Among the most frequently used NO2 monitors is the Palmes tube. Three stainless-steel tubes coated with triethanolamine are fitted to one end of an acrylic tube. The other end has a cap that is removed to collect the air to be sampled. NO2 accumulated on the screens is washed with a reagent. NO22. The active sampler uses a 0.8mm Nuclepore filter, reducing sample to one-eight hours.
Portable and Stationary Samplers
Four types of portable and stationary samplers are air displacement, condensation, gas washing — absorption — and adsorption.
In the air-displacement method, a sample is collected in an evacuated flask or plastic bag. In the condensation method, a sample is passed through a U-tube and the sample is cooled below the pollutant's boiling point.
Gas washing is done by bubbling the sample through an impinger liquid that the sample dissolves in or reacts with. Adsorption uses activated carbon, silica gel, molecular sieves, or polymeric filters. Some examples of monitors and their uses are:
concentration is proportional to the color intensity of the solution. This method requires at least 24 hours of sample time to collect a minimum of 0.05 mg of NO
- Hot-wire detector. This monitor works on a thermal conductivity principle and measures concentrations of inorganic gases.
- Flame-ionization detector. This monitor uses a sample of hydrogen to measure concentrations of alipathic and aromatic hydrocarbons.
- Electron-capture detector. This technology measures current flow between electrodes due to ionization of gases by a radioactive source and is used to detect chlorinated hydrocarbons.
- Flame-photometric detector. This unit measures light emitted from the excited states of sulfur and phosphorous compounds in a hydrogen flame.
- Mass-selective detector. This technology provides a quantitative analysis of most indoor pollutants and can identify unknown chemicals in a mixture.
Matching Needs and Technology
Note that all but the last device require that the user know or suspect the presence of a certain pollutant before selecting the right monitor. For this reason, it is important to know about building and furnishing materials, processes such as combustion and chemical reactions in a chemistry lab, and outdoor pollutants in the area.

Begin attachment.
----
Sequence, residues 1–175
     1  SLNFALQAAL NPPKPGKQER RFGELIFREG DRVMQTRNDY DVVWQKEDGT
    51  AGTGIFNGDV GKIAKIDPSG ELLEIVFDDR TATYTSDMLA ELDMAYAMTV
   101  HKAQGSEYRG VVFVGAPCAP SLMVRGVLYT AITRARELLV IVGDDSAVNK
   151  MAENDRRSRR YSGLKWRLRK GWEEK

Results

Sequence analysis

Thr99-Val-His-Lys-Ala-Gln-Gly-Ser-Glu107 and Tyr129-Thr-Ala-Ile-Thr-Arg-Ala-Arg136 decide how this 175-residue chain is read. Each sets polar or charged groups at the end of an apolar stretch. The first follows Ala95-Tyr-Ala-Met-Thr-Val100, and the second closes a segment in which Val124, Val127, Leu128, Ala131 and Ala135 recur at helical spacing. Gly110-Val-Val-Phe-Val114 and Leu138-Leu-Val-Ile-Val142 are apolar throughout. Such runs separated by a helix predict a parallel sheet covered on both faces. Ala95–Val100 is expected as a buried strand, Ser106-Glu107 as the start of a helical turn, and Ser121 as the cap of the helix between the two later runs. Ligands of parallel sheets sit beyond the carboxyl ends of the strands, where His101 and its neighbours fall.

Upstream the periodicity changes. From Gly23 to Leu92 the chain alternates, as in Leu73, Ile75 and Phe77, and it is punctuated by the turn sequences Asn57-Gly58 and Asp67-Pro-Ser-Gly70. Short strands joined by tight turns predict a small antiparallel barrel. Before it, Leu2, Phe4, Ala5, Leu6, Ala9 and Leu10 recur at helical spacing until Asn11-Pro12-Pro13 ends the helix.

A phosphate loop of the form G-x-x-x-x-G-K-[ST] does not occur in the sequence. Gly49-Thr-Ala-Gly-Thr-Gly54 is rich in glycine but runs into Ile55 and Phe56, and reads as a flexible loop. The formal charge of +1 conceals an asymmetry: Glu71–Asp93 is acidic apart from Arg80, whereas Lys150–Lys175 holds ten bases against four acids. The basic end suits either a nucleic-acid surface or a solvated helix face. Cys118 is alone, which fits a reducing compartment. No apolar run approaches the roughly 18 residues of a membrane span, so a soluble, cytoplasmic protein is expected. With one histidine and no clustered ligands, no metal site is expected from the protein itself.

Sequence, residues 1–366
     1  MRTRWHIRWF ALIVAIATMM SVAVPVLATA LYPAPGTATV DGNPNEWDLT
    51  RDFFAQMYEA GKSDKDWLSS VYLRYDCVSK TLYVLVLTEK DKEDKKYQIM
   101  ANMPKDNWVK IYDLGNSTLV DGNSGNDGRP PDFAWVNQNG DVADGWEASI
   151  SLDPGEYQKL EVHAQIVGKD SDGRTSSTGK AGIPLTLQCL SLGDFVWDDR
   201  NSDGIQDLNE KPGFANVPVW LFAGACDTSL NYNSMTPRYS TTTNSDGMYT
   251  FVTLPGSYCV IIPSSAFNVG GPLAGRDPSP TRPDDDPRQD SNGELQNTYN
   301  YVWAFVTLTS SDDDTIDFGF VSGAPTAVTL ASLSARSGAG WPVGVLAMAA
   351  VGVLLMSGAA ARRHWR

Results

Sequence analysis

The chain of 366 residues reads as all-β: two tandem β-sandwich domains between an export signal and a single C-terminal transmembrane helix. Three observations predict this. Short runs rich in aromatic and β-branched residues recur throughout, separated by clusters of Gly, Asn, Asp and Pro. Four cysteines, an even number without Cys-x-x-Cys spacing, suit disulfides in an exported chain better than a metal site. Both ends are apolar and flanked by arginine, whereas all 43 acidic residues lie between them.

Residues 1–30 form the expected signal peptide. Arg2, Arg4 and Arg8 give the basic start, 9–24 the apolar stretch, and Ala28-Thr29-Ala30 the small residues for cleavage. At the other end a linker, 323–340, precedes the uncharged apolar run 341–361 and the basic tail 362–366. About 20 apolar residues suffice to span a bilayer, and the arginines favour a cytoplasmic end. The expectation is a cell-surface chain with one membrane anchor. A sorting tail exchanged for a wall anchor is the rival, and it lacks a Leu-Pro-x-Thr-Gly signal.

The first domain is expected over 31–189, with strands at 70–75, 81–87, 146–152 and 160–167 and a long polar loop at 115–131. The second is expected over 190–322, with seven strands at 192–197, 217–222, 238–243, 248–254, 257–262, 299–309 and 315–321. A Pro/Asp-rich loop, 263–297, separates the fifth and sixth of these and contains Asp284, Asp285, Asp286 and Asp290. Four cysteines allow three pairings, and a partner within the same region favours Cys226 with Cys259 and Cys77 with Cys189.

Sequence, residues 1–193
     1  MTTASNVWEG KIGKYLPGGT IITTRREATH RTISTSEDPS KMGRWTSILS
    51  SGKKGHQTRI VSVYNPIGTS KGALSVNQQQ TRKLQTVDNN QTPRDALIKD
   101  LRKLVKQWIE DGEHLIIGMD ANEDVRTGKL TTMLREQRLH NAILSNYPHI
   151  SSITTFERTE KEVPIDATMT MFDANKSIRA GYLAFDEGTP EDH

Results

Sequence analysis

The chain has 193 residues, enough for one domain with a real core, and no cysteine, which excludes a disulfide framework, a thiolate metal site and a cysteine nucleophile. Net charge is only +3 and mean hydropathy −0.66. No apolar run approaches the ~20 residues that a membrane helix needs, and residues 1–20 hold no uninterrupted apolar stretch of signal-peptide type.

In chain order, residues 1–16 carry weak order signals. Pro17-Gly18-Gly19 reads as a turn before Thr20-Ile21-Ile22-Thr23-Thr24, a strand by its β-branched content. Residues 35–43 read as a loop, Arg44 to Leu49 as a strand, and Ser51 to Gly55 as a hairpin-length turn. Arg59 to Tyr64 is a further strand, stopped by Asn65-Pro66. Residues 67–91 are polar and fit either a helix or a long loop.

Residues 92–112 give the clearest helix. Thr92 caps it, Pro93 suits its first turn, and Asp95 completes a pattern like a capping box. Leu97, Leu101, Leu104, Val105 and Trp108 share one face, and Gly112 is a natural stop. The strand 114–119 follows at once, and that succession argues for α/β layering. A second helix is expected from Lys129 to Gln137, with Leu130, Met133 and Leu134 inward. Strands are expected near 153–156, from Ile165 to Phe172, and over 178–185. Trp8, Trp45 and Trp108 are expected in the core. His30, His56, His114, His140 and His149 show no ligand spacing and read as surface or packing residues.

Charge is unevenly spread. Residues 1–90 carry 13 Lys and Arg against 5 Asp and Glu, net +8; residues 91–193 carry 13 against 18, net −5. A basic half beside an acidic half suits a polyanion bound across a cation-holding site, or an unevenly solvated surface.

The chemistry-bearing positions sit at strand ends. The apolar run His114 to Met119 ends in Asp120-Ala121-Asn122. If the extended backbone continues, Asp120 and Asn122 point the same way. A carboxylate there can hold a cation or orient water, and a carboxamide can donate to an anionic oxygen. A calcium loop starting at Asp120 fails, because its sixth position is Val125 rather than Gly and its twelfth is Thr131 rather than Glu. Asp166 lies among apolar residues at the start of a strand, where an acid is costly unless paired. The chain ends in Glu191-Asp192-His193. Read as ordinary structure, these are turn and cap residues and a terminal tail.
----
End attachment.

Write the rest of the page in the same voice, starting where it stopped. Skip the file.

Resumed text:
Most often, a thermal-conductivity detector is used with either the flame ionization detector, electron-capture detector or flame-photometric detector in series.
One available monitoring system offers users the ability to monitor airflow volume, CO2, RH, temperature, CO, and pressure differential. It can be used as a continuous or spot monitor.
Gas analyzers for boiler rooms measure levels of toxic gases, including CO, nitric oxide, nitric dioxide, and SO2. Leak detectors can reveal several refrigerants, including R12, R22, and R502 with one instrument by changing the position of a switch.
The ongoing challenge for managers is to stay abreast of monitoring and filtration technology and conditions within their facilities. The causes of IAQ can be widespread, and each facility is different, so matching technology to these conditions is an ongoing effort, not a one-time event.
IAQ: Beyond Monitoring
Managers have options besides monitoring that, along or in combination, can help them take control of their facilities' indoor air quality (IAQ):
Source control. Source control as a means of controlling IAQ received new credibility as a result of a test conducted during the construction of an office building. The entire building was built using new construction methods and building-material combinations. Techniques included hardwood floors, wool rugs, no carpets, no office partitions, and metal and wool furniture and furnishings. Paint and wallpaper use was minimized throughout.
Investigators compared the office building’s IAQ to two buildings constructed with traditional methods. Concentrations of 23 organic compounds were measured in all three buildings. Total volatile organic compounds (VOCs) in the new building were much lower than in the two traditional buildings.
Ventilation. Even when source control is used, proper ventilation must be maintained to minimize VOCs. Besides providing proper air changes per hour for the number of occupants and use of the building space, managers must continue to improve ventilation.
Methods that provide adequate ventilation while conserving energy, such as improved economizer designs, are in demand. Also, air-to-air heat exchangers allow for more frequent air changes while reducing energy demands by recovering heat from the exhaust air — up to 85 percent — and reusing heat in the supply air in cold weather and the reverse in warm weather.
Air cleaning. Developments related to catalytic converters for building use are under way. Added to activated-charcoal adsorbers, for example, platinum catalysts increase the absorber efficiency substantially.
Care is needed to ensure that the converter does not convert a slightly hazardous material into a more hazardous one. An example is the electrostatic precipitator that removes 99 percent of respiratory particulates but adds ozone to the air.
Humidity also affects air cleaners’ efficiency. Greater use of humidifiers and dehumidifiers will control this air-quality factor to 40-60 percent RH, the most healthy range for occupants.